I can still remember how it felt when my daughter came home and informed us that college was her plan after graduation. She was in the eighth grade. It was a combination of pride, excitement and straight up fear. It's not that her learning differences scared me, but her future most definitely did. Upon diagnosis, college really wasn't mentioned. An institution was though (and I promptly rejected that notion by the way). I had no way of knowing what my daughter's future would hold. I didn't even have my head wrapped around all the organs and behaviors this chromosomal deletion was supposed to affect so how in the world could THIS conversation be happening?
Because society evolved. People around us have opened their hearts and their minds and programs across the country now exist that help families locate and navigate the best solutions for their adolescent student. College is becoming a real possibility for everyone and though it was an idea that we brought to fruition for my daughter I'm happy to say programming is growing by leaps and bounds. Options exist. Doors are open.
Quite frankly there's a big difference in talking about it as an option at IEP meetings and then actually receiving an acceptance letter. And then there's the reality of making a move several states away and trusting that YOUR DAUGHTER has made the best decision.
But, she did. We are now in the third month of her freshman year at Vandy [Next Steps at Vanderbilt University]. So far, she's run across the football field with her freshman class, navigated just how to get to her ecology class (with her typical peers), enrolled in ballet at Vanderbilt's dance program, plotted her career path, and the list goes on (and on and on). There's so much to do in college, it's amazing.
So, if you’re on the fence or you think it isn't possible, think again. THINK.COLLEGE.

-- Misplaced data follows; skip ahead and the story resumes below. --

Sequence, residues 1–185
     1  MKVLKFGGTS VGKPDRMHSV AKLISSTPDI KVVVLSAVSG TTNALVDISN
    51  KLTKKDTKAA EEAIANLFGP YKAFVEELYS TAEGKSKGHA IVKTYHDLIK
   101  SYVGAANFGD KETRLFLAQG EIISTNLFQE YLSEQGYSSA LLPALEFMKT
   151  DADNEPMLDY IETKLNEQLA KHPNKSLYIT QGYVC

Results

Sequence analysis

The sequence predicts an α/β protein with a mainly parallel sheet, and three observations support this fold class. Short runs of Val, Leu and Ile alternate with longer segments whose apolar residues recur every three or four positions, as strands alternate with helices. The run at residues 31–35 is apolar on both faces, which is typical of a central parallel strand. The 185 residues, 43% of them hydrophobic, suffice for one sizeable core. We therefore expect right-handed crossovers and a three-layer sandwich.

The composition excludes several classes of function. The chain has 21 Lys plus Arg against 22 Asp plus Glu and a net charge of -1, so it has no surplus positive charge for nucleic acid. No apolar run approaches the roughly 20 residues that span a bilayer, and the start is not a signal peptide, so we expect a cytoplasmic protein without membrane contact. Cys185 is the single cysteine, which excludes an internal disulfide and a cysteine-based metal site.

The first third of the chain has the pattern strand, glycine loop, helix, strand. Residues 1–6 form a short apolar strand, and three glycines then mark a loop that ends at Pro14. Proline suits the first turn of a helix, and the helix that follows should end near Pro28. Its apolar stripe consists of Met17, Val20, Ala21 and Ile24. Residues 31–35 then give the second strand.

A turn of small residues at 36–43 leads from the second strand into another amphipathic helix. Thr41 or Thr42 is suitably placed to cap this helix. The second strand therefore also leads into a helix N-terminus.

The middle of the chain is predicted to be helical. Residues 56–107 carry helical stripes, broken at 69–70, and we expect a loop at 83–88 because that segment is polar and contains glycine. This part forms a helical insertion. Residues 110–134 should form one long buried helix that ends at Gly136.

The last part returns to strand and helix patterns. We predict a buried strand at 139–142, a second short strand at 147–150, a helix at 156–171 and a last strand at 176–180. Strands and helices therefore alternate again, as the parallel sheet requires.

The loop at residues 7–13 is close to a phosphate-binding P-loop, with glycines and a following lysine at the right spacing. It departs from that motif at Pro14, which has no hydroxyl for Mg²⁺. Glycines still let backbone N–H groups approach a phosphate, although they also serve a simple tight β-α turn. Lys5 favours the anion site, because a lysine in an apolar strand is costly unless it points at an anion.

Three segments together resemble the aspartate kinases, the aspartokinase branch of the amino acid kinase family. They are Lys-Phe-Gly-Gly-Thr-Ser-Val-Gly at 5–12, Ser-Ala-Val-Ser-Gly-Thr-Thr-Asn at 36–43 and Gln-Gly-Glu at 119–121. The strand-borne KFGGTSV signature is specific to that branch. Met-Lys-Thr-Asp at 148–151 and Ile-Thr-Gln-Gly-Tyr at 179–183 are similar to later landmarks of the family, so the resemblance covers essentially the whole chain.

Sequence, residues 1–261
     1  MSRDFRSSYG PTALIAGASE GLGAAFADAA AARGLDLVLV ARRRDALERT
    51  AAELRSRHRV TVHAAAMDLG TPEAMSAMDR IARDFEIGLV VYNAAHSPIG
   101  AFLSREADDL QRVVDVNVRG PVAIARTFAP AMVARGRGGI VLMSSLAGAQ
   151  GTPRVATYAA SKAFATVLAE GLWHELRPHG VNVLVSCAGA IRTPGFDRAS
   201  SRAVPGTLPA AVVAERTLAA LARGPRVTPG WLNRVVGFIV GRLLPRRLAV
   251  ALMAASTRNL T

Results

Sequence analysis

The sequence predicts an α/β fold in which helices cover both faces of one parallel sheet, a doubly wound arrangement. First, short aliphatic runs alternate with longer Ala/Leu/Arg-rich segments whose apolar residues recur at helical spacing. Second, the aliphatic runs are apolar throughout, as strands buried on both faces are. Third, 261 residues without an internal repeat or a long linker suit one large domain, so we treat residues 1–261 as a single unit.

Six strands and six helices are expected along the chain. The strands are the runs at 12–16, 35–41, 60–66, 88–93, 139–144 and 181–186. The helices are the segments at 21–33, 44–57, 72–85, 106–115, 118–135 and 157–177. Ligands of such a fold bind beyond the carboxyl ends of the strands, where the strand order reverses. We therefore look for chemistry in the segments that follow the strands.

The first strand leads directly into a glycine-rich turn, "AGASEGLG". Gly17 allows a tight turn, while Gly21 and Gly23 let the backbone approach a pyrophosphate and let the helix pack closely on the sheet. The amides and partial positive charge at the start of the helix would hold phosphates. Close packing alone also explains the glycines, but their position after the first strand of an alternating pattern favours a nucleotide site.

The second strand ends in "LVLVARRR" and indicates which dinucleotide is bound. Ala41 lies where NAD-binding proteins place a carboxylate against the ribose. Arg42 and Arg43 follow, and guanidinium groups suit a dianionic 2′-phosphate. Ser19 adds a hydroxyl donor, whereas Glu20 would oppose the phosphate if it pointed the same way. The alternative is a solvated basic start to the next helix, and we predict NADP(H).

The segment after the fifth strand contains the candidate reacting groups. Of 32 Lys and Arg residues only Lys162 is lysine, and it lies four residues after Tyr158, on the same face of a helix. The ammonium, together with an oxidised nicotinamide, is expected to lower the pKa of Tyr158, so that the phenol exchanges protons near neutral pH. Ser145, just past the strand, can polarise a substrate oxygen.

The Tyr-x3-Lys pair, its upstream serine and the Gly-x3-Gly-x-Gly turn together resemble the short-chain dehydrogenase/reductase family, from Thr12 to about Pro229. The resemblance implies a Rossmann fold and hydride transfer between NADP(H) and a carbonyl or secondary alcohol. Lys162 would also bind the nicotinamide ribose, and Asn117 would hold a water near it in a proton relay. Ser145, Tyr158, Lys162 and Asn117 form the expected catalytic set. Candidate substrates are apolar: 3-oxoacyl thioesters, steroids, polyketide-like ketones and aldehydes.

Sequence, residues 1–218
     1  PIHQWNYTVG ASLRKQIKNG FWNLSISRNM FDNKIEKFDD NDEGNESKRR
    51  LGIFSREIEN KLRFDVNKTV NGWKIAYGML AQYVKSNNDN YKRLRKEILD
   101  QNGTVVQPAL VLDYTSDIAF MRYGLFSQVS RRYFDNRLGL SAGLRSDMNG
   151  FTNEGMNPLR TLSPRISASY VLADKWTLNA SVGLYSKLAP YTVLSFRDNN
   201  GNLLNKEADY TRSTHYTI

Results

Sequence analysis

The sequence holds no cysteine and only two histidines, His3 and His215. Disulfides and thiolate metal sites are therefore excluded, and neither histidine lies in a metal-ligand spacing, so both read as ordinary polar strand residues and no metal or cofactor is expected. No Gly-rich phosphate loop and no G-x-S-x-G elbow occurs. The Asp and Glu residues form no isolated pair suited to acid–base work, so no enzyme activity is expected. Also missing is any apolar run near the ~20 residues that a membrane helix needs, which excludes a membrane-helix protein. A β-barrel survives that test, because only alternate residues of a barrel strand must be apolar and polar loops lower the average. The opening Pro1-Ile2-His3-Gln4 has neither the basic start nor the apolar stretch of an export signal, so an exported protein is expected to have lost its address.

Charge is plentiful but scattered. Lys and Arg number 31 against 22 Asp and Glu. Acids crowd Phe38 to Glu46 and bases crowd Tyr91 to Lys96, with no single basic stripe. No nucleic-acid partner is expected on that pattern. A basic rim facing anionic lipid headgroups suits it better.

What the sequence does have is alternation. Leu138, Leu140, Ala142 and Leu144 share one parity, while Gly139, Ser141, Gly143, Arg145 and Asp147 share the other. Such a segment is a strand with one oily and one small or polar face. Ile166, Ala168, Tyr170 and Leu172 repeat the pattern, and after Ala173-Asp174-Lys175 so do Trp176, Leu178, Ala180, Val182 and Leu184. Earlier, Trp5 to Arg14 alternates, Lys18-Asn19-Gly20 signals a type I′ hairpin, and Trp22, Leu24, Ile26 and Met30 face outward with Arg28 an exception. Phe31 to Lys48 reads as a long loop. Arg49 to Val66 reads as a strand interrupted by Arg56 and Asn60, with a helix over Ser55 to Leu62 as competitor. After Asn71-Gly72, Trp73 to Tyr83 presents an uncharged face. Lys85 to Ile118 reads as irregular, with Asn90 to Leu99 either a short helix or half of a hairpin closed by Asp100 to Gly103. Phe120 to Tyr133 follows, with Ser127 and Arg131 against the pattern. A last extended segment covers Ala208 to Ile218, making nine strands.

This article is contributed by blogger and self-proclaimed supermom, Jennifer Farmer. Because Chloe’s transition to and the years in high school were anywhere from complex to combative, Jennifer enrolled in a JD program and is currently in second year law. She holds a BA in Public Relations from Flagler College.
Jennifer is in the process of incorporating Include Me Advocacy Group into a non-profit organization that will focus on specific projects and serve as a resource match for those seeking to advocate for their differently abled children. She is a strong advocate for inclusion and enabling every student to reach their potential, despite whatever barriers may be present.
She is known for her open and frankness in her blog and has publicly shared her daughter Chloe’s journey through the searchable hashtag #includemeincollege. The series focuses on Chloe’s decision to attain a post-secondary education, the research process involved, their college tour as a family and finally, Chloe’s acceptance into her first choice: Vanderbilt University. In her blog, Jennifer offers their story and tips and advice for those seeking similar programming.